Asbestos Can You Sue For Mesothelioma Too?
Asbestos is a naturally-occuring fibrous mineral of metamorpic hydrous magnesium silicate. The term
"metamorphic" is used to describe a process of extreme heat and pressure which creates specific
secondary patterns of minerals with new chemical and/or physical properties. As the primary rock is
heated and recooled, silicate crystals align in long rows of mineral fibers, which easily separate into tiny
shards thinner than a human hair. Asbestos fibers are not a health risk as long as they are undisturbed.
However, when asbestos is undergoes natural weathering, or is mined and processed, the microscopic
particles waft into the air and cause disease if they are inhaled.
Asbestosis occurs when an inhaled asbestos particle irritates the body's natural defence mechanisms,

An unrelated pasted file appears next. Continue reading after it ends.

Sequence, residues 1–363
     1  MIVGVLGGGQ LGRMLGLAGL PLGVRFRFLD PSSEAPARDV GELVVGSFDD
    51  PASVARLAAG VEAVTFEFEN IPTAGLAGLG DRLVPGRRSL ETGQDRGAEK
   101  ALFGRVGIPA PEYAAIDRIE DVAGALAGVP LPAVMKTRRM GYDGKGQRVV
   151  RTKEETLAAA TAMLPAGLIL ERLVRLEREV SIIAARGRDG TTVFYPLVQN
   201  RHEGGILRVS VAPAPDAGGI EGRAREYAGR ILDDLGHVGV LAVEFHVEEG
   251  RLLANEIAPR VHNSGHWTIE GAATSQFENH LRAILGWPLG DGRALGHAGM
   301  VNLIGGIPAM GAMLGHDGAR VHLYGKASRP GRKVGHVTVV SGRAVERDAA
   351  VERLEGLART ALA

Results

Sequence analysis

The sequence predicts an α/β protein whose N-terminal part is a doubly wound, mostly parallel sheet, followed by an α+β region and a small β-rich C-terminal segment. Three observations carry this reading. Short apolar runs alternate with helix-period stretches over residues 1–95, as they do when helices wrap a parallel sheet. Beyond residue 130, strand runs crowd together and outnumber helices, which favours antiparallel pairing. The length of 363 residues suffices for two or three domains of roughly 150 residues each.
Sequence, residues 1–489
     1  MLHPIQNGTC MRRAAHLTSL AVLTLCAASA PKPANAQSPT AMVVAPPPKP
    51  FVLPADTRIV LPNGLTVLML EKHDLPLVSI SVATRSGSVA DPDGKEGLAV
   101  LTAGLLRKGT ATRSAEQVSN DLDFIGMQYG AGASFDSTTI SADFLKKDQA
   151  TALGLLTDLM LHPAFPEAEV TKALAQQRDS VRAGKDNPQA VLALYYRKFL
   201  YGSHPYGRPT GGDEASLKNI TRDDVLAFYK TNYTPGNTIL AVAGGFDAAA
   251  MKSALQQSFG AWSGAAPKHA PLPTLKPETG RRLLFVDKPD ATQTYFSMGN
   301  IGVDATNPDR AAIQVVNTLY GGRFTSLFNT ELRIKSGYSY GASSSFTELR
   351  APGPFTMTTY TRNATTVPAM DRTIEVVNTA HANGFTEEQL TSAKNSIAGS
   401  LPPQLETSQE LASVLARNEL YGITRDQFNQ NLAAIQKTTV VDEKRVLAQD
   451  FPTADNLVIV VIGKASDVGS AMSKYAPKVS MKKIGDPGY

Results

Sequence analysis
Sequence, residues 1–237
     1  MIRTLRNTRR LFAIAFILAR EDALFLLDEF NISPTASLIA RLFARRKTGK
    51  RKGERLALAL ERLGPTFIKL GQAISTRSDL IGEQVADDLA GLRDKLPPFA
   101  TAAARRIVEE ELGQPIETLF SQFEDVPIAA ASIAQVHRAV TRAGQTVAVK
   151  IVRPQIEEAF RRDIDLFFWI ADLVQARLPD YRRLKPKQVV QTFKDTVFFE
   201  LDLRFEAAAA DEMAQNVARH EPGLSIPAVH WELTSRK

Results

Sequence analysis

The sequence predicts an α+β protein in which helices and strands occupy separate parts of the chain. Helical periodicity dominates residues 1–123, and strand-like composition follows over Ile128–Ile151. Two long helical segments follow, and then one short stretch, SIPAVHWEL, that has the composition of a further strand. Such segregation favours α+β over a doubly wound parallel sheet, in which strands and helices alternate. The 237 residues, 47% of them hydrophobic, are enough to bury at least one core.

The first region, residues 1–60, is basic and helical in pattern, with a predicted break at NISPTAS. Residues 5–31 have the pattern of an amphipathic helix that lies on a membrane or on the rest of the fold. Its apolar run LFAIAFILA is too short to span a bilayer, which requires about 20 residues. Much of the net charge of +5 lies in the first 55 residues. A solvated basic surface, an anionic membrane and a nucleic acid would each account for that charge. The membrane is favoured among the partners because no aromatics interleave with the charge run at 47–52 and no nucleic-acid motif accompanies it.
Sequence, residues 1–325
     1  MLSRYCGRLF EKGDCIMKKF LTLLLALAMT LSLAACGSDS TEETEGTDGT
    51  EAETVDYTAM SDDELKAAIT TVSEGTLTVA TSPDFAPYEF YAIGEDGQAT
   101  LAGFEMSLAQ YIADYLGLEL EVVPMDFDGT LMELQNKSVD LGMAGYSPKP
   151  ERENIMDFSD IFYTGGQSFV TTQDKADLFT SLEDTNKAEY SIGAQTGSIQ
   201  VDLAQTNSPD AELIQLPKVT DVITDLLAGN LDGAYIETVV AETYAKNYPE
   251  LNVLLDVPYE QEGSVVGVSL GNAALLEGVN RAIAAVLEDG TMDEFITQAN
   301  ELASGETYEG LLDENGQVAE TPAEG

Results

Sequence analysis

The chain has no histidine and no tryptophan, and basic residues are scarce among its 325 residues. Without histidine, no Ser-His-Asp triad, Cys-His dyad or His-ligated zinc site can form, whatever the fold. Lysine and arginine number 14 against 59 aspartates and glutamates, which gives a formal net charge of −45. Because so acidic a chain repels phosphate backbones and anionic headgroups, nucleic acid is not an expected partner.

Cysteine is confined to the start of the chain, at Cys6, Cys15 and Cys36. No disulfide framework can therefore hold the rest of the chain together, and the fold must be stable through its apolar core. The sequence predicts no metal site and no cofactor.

causing inflammation and scarring which eventually restricts lung function. Mesothelioma is a malignant
tumor of the membranes surrounding the heart, lungs and abdominal cavity. Asbestos can also cause
cancer of the mouth, throat, esophagus, larynx, stomach, lung and lymphoid tissue.
Asbestos exposure can also cause non-fatal illnesses such as asbestos warts, caused when asbestos
fibers are lodged in the skin, causing lumps of scar tissue to form around the irritant in the same manner
as they do in the lungs to cause asbestosis; pleural plaques, discrete, sometimes calcified fibrous lesions
which can be seen on X-rays but are too small to cause breathing impairment; and diffuse pleural
thickening, which can cause breathing impairment if it is extensive.
Due to its fire resistant properties, asbestos has been used historically for household and industrial
purposes. It has been found woven into burial cloths in ancient Egypt, and Charlemagne reportedly had a
tablecloth made of asbestos which he would throw into a fire to clean.
In World War II asbestos was considered so important by the War Department that it was considered a
strategic material, and many American workers were expo